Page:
No. George Washington, who personally approved the military death sentences of Major André and other British spies and saboteurs, presided over the Constitutional Convention. Alexander Hamilton, a prime mover at the convention who became co-author of the Federalist papers supporting ratification of the Constitution, was Washingtons military secretary during the Revolution. He personally parried with British negotiators over the fate of André and quite likely handled the paper work dealing with the death sentence Washington approved. Hamiltons chivalrous sensibilities were offended when Washington would not agree to have the British major shot rather than hung, but he lodged no objection to Andrés execution itself.
How did Congress use its constitutional authority to "define and punish . . . offenses against the law of nations"?
Congress has enacted legislation delegating to the President and the U.S. military the power to create military tribunals to try enemies of the United States who violate the "law of nations" and the "law of war." The "law of war" is that part of the law of nations that governs how combatants should behave.
An 1806 act of Congress, signed by President Thomas Jefferson, imposed the death penalty on alien spies "according to the law and usage of nations, by sentence of a general court martial." In its unanimous 1942 decision in Ex Parte Quirin, the Supreme Court said this 1806 law "is a construction of the Constitution which has been followed since the founding of our government. It has not hitherto been challenged, and, so far as we are advised, it has never even been suggested in the very extensive literature of the subject that an alien spy, in time of war, could not be tried by military tribunal without a jury."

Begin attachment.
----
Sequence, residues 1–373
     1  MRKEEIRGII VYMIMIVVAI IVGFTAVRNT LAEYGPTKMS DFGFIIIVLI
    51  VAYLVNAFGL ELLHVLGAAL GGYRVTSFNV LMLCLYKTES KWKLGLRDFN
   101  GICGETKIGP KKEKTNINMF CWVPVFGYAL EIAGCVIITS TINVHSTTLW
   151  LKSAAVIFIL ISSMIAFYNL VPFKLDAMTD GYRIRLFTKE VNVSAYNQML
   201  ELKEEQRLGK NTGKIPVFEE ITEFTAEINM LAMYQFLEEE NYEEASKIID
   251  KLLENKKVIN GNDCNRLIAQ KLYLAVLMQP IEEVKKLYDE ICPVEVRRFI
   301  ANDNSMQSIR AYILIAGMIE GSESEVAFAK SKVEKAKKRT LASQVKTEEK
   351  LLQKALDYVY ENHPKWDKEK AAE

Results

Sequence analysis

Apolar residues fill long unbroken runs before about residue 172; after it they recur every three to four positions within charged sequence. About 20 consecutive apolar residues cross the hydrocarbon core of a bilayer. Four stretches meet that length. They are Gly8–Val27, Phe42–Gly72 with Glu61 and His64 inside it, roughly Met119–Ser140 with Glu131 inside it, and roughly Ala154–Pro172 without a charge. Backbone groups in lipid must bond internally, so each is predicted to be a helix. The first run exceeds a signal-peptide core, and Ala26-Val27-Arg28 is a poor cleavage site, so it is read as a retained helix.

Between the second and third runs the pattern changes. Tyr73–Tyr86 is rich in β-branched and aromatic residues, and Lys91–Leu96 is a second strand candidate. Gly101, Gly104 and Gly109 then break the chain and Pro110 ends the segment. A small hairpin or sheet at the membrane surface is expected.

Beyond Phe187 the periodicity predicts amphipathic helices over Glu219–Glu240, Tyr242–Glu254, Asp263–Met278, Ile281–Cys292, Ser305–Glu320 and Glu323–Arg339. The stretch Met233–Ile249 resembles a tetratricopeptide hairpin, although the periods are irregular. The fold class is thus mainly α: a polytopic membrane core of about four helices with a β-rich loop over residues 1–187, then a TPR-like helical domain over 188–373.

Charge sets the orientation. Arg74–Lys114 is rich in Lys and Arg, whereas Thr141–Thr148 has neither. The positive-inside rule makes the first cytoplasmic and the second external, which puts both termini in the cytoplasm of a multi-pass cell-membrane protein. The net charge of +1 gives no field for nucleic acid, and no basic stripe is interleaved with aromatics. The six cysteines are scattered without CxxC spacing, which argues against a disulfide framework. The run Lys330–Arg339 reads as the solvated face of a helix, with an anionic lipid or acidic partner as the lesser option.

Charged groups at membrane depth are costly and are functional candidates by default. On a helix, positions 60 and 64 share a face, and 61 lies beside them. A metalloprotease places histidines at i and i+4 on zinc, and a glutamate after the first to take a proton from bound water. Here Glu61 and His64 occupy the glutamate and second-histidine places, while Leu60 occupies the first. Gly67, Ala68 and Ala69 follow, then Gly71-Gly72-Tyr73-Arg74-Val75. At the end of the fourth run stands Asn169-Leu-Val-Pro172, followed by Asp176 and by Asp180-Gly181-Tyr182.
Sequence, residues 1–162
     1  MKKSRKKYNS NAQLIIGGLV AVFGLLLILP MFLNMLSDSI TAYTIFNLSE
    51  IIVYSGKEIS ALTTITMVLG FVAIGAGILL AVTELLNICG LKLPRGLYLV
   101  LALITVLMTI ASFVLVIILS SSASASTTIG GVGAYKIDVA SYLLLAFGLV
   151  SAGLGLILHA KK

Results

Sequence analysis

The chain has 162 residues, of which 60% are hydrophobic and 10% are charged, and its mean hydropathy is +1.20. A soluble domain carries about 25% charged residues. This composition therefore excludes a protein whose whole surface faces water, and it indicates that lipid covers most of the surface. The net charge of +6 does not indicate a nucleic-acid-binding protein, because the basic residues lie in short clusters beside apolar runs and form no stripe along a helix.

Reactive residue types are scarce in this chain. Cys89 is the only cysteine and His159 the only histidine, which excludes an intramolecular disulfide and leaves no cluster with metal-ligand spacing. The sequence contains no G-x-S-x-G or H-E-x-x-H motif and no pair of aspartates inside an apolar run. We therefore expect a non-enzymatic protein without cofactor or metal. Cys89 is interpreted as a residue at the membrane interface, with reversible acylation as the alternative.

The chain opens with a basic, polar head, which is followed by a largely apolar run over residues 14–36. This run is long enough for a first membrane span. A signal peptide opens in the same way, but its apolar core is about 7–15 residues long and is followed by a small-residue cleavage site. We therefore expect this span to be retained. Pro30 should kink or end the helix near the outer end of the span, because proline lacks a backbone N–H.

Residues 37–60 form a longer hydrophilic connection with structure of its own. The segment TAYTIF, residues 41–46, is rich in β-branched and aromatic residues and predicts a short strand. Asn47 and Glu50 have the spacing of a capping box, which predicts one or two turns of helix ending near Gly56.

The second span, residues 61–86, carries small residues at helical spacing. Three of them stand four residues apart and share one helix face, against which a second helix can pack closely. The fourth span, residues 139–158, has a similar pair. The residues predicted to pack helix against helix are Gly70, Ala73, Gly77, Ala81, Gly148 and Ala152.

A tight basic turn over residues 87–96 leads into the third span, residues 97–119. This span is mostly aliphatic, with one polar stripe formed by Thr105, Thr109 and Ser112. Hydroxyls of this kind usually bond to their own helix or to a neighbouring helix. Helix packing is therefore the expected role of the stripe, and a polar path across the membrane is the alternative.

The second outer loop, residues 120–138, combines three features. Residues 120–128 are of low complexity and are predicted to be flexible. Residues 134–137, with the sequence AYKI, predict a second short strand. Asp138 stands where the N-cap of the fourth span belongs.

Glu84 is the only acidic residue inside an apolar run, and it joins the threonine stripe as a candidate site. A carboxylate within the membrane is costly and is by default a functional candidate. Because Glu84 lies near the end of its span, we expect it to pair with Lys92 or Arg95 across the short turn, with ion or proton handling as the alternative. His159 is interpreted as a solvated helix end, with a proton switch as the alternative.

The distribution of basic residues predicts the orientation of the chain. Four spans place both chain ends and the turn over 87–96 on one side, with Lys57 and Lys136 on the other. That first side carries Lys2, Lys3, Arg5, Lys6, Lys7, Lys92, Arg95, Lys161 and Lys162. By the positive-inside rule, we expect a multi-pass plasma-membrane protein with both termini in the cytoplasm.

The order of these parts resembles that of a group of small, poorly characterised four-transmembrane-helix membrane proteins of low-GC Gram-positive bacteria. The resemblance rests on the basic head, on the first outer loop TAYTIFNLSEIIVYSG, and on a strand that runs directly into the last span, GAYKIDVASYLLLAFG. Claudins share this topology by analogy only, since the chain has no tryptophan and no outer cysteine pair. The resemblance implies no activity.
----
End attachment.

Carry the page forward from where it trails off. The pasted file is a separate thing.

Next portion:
Has Congress changed the law since 1806?
Yes. Congress has more completely codified the authority of the Executive Branch in dealing with violations of the law of nations.
In 1862, during the Civil War, Congress amended the law to include "all persons," rather than just aliens, so that U.S. citizens who operated in civilian clothing as Confederate spies and saboteurs, could be tried by military tribunals and executed. For example, a military commission in 1865 ordered the hanging of Robert C. Kennedy, a Confederate Army captain, after he was captured in New York, in civilian clothes, plotting to burn down the city. (The essential difference between Kennedy and al Qaeda terrorists is that Kennedy was an American citizen.)
President Franklin Roosevelt issued an executive order in 1942 stating that anyone committing sabotage, espionage or other hostile acts on behalf of Americas enemies "shall be subject to the law of war and to the jurisdiction of military tribunals." Roosevelt was authorized to issue this order by congressional statutes, referred to as the "Articles of War," incorporated into Title 10 of the U.S. Code.
Does current law authorize President Bush to create military tribunals to try the September 11 terrorists?
Yes. In his order authorizing military tribunals to try the September 11 terrorists Bush cited the resolution passed by Congress authorizing him to make war against these terrorists and the same Title 10 of the U.S. Code that authorized Roosevelt to use military tribunals to try Nazi saboteurs. Bush specifically cited sections 821 and 836 of Title 10.